There’s little doubt that we will need to alter the way we live in the future. The world’s resources are becoming scarcer, raw materials are getting consumed at an alarming rate and the weather seems to be becoming more extreme. Sometimes it is difficult to persuade politicians, corporations and governments that we must do something, but a 16 year-old from Sweden made people sit up and take notice. Football, as most popular sport and one of the planet’s most effective people attractors, could really help point the way for the rest of the world. The game as a force for good.

Photo: PA

 

 

 

Major football clubs need to create the right climate

RIGHT NOW, climate change is a very topical issue, and rightly so. If the scientists are correct, we may all face some serious issues in the relatively near future, issues that cannot be ignored or dismissed as scaremongering.

Football has to ask itself what role it can play in combating climate change. We are told that there are three things that we most certainly do as a start: ensure we do not waste food; eat less meat like beef and lamb; and travel less by air. Although these three conditions may seem rather trivial, consider the impact on the football industry and the periphery of the game.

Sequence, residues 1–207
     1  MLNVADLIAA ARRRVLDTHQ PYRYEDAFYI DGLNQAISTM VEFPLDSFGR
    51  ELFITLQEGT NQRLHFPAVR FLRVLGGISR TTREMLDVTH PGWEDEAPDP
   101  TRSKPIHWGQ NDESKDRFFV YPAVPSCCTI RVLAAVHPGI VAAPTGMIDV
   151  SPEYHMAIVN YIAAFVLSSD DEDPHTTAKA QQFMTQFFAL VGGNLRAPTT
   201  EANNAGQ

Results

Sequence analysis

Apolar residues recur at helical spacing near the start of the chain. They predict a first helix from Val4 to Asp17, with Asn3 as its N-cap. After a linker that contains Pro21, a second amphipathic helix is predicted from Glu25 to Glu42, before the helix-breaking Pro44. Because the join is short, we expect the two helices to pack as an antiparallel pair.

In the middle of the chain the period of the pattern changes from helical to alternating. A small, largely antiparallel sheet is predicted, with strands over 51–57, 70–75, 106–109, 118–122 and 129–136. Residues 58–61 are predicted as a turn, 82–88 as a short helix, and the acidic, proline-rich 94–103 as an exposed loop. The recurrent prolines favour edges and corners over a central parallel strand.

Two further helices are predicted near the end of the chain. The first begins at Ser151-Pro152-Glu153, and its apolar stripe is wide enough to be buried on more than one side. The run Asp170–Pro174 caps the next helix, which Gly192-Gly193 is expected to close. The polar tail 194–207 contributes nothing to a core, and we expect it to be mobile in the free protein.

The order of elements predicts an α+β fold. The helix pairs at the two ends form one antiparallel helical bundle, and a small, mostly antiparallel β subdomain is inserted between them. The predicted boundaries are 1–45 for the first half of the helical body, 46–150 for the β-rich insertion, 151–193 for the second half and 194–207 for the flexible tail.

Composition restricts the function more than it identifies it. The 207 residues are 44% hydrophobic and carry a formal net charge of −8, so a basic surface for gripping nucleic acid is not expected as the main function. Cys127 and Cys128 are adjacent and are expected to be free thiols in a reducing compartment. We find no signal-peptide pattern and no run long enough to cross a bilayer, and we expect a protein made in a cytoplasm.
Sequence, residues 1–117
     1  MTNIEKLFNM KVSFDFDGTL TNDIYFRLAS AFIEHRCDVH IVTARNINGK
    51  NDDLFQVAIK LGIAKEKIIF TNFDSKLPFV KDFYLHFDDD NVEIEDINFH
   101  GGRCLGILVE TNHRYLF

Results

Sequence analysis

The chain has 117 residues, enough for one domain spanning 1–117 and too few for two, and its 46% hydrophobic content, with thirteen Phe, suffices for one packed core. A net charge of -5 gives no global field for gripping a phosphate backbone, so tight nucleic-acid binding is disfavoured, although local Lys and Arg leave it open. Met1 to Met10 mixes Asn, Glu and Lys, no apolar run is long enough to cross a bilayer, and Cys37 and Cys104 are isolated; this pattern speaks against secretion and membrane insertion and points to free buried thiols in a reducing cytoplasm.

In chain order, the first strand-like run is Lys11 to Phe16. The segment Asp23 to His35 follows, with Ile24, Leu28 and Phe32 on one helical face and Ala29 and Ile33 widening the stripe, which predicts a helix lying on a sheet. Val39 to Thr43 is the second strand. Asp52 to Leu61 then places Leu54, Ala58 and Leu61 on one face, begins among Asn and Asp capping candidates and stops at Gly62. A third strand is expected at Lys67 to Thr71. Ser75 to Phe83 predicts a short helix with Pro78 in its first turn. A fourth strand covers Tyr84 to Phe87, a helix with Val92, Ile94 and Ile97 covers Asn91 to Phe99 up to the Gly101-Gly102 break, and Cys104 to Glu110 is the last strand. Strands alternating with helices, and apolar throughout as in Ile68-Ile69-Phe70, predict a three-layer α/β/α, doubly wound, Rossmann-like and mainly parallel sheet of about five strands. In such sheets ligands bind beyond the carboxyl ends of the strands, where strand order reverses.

But first of all, we should ask how much energy it takes to put a game of football on. For a start, floodlit games must cost an awful lot to stage, cost-wise and in its energy usage. I recall reading a couple of years ago that the home of Arsenal, the Emirates has a battery storage system that can provide enough energy for an entire 90-minute match. Presumably, they are not the only club with this type of facility.

Increasingly, new stadiums are being built with ecology in mind. In Morro da Mineiro, Brazil, a football pitch has been constructed that uses human energy to power its lighting. It cost just US$ 100,000 to create and uses underground kinetic tiles that convert player movement into energy to power the lights. Given this is Brazil, the land of joga bonito, apparently the lights work even better when players apply some typically skilful Brazilian movement!